The companies contend that Congress intended that private interests in national forest standing timber should be immune from state taxation, even if the state has the power to impose such taxes in the absence of conflicting federal legislation. They rely on Section 500 of Title 16 of the United States Code, which provides that 25 per cent of all moneys received from each national forest shall be paid to the state in which the national forest is located. The state may use the funds for the schools and public roads of the county or counties in which the national forests are located. The companies assert that these payments are in lieu of state taxes.
Section 500 must be construed with other statutes dealing with national forests. Section 480 of Title 16 provides:
"(T)he State wherein any such national forest is situated shall not, by reason of the establishment thereof, lose its jurisdiction, nor the inhabitants thereof their rights and privileges as citizens, or be absolved from their duties as citizens of the State."
The Court in Wilson v. Cook held that this statute reserved to the states territorial jurisdiction to tax activities within national forests, supra, 327 U.S. at 487, 66 S.Ct. 663. Although the companies assert that the states retain jurisdiction only over the person, not over property, there is no reason to read the statute so narrowly: the "duties (of) citizens of the State" include payment of taxes on both property and activities. See also United States v. Nebo Oil Co., 90 F.Supp. 73 (W.D.La.1950). Payments under Section 500 were not intended to be in lieu of state taxation of private possessory interests in national forests.4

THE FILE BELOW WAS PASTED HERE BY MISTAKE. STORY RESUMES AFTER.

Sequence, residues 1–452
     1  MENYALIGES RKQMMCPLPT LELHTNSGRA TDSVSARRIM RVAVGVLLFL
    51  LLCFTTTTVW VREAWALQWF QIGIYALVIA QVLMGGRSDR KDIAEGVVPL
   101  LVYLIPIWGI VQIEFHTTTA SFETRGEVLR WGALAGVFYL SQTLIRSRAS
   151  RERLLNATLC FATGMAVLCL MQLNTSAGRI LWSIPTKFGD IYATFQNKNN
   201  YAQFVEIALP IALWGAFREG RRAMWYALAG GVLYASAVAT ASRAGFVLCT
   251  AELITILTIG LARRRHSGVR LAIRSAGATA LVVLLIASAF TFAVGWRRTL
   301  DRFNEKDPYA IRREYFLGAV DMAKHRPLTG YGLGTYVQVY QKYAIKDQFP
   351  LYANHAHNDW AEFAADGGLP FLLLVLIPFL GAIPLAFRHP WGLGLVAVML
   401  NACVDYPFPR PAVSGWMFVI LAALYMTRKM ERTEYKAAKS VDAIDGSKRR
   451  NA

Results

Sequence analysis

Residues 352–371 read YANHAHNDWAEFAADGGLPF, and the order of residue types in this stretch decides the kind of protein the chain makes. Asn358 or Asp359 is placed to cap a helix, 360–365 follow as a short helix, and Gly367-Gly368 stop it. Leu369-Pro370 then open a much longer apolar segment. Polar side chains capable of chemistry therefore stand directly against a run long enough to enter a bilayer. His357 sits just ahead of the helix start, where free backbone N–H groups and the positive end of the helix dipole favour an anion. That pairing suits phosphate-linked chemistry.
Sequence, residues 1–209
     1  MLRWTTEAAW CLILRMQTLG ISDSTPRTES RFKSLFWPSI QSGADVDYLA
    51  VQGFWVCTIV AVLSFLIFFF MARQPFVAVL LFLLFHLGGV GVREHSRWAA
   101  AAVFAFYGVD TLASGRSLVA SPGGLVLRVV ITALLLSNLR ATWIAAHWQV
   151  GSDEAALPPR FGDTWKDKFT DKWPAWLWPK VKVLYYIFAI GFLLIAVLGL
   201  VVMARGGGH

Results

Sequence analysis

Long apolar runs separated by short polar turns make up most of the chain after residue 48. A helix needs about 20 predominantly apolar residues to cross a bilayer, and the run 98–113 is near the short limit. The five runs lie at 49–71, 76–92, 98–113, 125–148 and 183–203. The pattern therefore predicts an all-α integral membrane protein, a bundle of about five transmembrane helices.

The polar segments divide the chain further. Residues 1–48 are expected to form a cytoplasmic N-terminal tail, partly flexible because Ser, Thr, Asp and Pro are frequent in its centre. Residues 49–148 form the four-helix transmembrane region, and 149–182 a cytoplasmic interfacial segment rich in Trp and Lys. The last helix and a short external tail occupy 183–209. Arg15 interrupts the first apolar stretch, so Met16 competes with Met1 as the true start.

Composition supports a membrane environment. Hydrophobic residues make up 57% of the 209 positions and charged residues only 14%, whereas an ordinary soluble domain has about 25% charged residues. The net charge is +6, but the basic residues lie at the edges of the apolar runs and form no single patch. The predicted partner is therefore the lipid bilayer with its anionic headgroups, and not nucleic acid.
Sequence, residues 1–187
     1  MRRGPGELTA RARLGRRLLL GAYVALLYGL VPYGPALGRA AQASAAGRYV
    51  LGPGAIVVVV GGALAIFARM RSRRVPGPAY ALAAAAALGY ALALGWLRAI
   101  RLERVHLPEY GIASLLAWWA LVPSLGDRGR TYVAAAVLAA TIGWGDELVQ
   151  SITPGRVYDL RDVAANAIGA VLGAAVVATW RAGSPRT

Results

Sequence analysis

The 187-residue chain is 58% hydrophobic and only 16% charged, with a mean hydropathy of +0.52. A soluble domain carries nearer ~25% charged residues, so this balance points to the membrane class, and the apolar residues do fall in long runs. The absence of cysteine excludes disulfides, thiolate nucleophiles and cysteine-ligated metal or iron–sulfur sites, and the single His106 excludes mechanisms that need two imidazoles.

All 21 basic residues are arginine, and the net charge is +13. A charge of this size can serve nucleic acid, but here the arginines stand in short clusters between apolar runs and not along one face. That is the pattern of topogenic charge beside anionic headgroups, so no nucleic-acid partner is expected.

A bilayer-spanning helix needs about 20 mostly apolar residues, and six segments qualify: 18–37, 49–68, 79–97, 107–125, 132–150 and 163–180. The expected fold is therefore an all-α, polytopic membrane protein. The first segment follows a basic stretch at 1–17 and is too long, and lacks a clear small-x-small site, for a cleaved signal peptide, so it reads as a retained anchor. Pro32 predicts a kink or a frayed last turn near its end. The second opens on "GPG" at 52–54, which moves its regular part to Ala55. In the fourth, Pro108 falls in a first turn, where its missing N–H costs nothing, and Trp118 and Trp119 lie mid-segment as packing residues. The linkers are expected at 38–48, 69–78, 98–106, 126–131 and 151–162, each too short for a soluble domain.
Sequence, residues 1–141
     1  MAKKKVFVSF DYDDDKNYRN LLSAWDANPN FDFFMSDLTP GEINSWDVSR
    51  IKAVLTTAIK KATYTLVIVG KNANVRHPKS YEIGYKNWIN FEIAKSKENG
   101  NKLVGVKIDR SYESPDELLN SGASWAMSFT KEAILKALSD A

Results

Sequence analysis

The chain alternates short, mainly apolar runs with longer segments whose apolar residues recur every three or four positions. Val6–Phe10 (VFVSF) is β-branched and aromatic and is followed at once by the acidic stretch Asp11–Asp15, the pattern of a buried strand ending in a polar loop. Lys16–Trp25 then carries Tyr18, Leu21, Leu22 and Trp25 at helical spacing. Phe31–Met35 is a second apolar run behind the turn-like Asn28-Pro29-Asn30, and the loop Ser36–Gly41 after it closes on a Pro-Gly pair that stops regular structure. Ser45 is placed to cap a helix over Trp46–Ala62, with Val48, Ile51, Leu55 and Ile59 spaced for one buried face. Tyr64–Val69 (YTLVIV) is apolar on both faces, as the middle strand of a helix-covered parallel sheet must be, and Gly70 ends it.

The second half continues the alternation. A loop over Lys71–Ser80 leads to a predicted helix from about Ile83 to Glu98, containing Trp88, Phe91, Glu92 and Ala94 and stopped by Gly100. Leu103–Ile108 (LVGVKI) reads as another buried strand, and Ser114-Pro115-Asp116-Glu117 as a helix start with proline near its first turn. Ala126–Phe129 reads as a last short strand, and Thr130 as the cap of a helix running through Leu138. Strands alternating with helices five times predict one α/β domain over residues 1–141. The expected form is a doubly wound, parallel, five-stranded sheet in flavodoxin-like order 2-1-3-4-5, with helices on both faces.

We hold that the states can tax private possessory interests in national forest standing timber.
Georgia-Pacific raises an additional issue. It asserts that, under California law, counties have no statutory authority to tax possessory interests in standing timber.5
Section 104 of the California Revenue and Taxation Code defines real property under three separate categories: (1) land, (2) minerals and standing timber, and (3) improvements. Section 107 of the same Code defines possessory interests under two categories: (1) possession of land or improvements and (2) taxable improvements on tax-exempt land.